Parents: A 7 Step Social Media Introduction Model for Healthy Internet Use for Our Kids

Our world is becoming more and more digital all of the time; a whopping 95 percent of teenagers have access to a smartphone. With a smartphone comes a whole lot of responsibility to keep safe online, which we as parents should be controlling. We MUST equip and prepare our kids, not only to be safe but to be amazing online citizens and advocates for Jesus. For this to happen we can’t rely on an approach based on sheltering, instead we need to engage and walk with our children as they learn appropriate behavior in a world that seems almost unattached to what is real around them. The internet can be a dangerous place to be for anyone, especially if you don’t have the relevant safety features incorporated into your devices. People can track you online without you even knowing, but enabling the use of a VPN can make it significantly harder for them to do so. That’s why choosing the best one for you is important. Surfshark VPN compared against NordVPN is the most common comparison amongst VPNs, and many people decide to weigh up the pros and cons of these before making a final decision. Alternatively, some people might decide to use a proxy for this. Perhaps parents should consider taking some time to visit to get a proxy implemented. Proxies can restrict certain websites, ensuring that the children are unable to access them. Perhaps that might be worth doing to make sure children remain safe online. As our kids grow older, their safety is even more imperative. The following is what we believe and have found to be an effective “graduated” approach to introducing our kids to the online world including social media in a way that encourages balance, moderation and positive impact.

As you read and apply keep in mind that the progressive introduction of the internet to our kids requires regular and progressive conversation and intentional relationship.

Implementing RULES without intentional RELATIONSHIP almost always results in REBELLION.

1. Pray and discuss with your spouse; what your guidelines and boundaries are going to be and write them down to refer to later. Maintain an open dialogue of education with your children on the dangers and role of parents to protect and prepare! Then MODEL it, we can’t very well expect our kids to do something we aren’t willing to do ourselves.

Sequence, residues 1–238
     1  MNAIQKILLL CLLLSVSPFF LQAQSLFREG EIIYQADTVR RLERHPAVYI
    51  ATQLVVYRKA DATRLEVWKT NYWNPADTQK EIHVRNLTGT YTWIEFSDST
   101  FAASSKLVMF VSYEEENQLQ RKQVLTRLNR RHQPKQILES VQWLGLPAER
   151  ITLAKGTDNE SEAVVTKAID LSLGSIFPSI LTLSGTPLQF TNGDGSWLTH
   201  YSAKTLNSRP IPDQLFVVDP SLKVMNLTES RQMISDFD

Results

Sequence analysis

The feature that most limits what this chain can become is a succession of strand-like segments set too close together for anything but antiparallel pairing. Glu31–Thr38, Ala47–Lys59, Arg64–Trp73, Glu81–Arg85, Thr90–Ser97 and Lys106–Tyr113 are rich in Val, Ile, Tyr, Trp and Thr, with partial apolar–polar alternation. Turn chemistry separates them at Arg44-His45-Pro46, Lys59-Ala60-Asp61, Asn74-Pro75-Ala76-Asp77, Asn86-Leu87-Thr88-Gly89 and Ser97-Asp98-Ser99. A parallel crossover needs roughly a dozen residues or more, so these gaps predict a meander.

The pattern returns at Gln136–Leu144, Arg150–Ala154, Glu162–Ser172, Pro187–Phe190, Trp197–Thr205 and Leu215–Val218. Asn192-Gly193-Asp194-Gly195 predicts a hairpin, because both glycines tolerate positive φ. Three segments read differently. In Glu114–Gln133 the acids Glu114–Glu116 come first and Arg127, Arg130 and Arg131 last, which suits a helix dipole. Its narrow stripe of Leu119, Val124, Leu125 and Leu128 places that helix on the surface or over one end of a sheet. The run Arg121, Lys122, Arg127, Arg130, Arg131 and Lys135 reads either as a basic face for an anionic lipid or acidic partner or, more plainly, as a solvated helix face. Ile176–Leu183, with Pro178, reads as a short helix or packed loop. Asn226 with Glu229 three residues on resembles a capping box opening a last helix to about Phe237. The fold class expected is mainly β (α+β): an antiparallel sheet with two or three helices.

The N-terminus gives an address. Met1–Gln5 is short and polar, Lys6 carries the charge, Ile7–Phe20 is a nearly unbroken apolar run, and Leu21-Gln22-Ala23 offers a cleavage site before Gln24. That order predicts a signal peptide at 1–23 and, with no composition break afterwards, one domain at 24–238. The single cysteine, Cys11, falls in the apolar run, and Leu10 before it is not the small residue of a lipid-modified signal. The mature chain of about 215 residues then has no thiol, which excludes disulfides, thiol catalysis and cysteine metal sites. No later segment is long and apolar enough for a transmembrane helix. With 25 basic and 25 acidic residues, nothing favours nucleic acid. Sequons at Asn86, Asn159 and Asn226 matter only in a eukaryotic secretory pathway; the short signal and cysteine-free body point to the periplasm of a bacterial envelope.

2. Use parents’ devices; cell phones should be for EMERGENCY only…when left alone, going to a friends, etc….They need to use your devices and hand them in immediately afterwards to encourage trust, responsibility and respect. You will quickly notice what your child’s tendency towards these devices is, you may also be surprised to find that they are modeling what they see, or think they see you doing.

3. Start simple; Gauging the maturity of your child as you consider introducing them to things like iPod shuffles and Nintendo DS’s at 8/9. The Shuffle only has music and the Wi-Fi on the DS should be turned off so that there is no option for browsing the internet. You can play family-friendly games by, for example, using this Mario Kart ROM Download for NDS. They have multiplayer options so you can use the devices to play as a family, making gaming a social experience. It will be important to have standards in the house, appropriate times to use the devices and times where they aren’t allowed. Be sure to give reasons like “family and real life people come first” when you set boundaries around device use. Our kids know that gaming devices are for long car rides only, and iPods have to be put away when around other people, or listened to by everyone on a stereo.